Upon hearing that British police have charged Ryan Cleary for involvement in numerous cyber attacks and hacks, hacker collective LulzSec has released a fresh barrage of tweets maintaining that the 19-year-old is in no way connected to it.
Ryan Cleary's arrest
Ryan Cleary was arrested earlier this month in a joint operation between the U.K.'s Metropolitan and Essex Police force and the U.S.'s FBI.
Police raided 19-year-old Cleary's home in Wickford, Essex arresting him and taking his computers for examination.
"Searches at a residential address in Wickford, Essex, following the arrest last night have led to the examination of a significant amount of material. These forensic examinations remain ongoing", commented a Metropolitan Police representative at the time.
The police revealed that Cleary was being charged and would face trial yesterday evening via Twitter. "Ryan Cleary, 19, has been charged with offences contrary to the Computer Misuse Act. He appears at City of Westminster MC on 23/6", read the Met's tweet.
It was yesterday revealed that police had charged Cleary for alleged involvement in web assaults against the Serious Organised Crime Agency, British Phonographic Industry and the International Federation of the Phonographic Industry.
It has since been revealed that Cleary could face extradition to the U.S. for involvement in other cyber attacks and hacks.
LulzSec's claims of innocence
Since news of Cleary's arrest was first revealed hacker collective LulzSec has constantly maintained that he is in not a member of it.
LulzSec originally issued a series of tweets on the topic on the day of Cleary's arrest:
"Clearly the UK police are so desperate to catch us that they've gone and arrested someone who is, at best, mildly associated with us. Lame."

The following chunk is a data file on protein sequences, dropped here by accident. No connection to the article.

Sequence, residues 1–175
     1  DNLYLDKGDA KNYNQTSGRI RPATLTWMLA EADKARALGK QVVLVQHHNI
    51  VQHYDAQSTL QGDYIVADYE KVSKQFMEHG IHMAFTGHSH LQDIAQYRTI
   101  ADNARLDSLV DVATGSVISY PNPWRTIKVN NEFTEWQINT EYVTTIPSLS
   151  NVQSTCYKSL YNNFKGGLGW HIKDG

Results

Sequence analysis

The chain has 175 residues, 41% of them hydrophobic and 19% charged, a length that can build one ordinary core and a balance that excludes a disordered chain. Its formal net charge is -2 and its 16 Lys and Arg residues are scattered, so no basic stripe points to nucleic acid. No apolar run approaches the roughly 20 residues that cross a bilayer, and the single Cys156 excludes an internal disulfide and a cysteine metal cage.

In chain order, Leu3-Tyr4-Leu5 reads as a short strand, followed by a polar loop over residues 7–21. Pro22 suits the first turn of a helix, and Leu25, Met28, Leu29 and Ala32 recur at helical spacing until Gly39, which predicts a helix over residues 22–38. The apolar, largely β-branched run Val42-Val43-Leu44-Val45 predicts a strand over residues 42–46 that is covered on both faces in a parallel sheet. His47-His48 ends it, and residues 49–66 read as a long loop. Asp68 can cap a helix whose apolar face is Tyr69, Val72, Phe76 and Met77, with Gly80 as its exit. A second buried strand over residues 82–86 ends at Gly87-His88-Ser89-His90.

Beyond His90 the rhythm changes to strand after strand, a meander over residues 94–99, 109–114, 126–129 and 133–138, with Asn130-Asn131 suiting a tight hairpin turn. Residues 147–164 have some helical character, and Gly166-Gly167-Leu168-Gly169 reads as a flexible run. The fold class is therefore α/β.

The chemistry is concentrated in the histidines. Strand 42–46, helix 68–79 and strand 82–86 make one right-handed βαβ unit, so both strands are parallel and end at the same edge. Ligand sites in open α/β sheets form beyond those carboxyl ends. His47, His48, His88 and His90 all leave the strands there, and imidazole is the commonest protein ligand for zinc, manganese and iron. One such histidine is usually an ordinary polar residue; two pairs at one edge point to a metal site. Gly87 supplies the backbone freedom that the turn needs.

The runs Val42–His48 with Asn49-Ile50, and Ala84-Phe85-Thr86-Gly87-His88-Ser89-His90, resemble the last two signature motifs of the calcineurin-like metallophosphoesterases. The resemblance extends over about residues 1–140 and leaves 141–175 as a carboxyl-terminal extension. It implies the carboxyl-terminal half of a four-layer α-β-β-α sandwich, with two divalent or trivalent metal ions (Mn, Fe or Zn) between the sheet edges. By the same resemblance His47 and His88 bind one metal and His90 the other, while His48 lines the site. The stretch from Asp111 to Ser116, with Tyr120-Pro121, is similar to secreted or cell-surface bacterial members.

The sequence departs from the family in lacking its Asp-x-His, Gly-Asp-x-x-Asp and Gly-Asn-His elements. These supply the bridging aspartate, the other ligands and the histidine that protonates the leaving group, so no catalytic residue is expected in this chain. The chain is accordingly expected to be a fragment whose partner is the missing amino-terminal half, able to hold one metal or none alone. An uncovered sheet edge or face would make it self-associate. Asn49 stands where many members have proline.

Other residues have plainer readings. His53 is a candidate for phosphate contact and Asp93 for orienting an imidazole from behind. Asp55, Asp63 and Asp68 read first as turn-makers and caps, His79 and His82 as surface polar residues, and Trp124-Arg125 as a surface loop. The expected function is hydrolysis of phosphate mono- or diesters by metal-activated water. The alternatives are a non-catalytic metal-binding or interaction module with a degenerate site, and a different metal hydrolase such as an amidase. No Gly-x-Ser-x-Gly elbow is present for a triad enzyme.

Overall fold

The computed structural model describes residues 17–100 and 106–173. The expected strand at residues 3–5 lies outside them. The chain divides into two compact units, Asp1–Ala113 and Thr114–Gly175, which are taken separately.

Followed by, "Oh well - less tweet spam now. Best watch out, they can't get us, so they're going after people they think might know us. Defend yourselves."
Since then the only link LulzSec has admitted Cleary as having is through a "legitimate" chatrooms hosted on one of Cleary's IRC servers.
"Ryan Cleary is not part of LulzSec; we house one of our many legitimate chatrooms on his IRC server, but that's it.
"@superbus We use Ryan's server, we also use Efnet, 2600, Rizon and AnonOps IRC servers. That doesn't mean they're all part of our group."
Since then the group has posted links to other chatrooms it uses on its Twitter feed, inviting random people to come and chat. Many have taken this to be a form of protest designed to show that simply talking to its members does not constitute a crime or membership of the group.
"Join the IRC chat: http://t.co/1XLL1Jj - if it doesn't work, it's because this tweet just broke it. Blame the REST of the Internet."
In addition to posting links to its chatrooms, since the police revealed that Cleary had been charged and would face trial for his alleged involvement in several cyber attacks and hacks, LulzSec also issued a fresh barrage of tweets maintaining Cleary's is not a member of LulzSec:
"Ryan Cleary charged with botnet-related crimes unrelated to LulzSec: http://t.co/SfKCHiP "November 2010", etc.
"Interesting - they charge him with the SOCA attack, maybe he hit SOCA after we did? It was suspiciously down again after we let it up."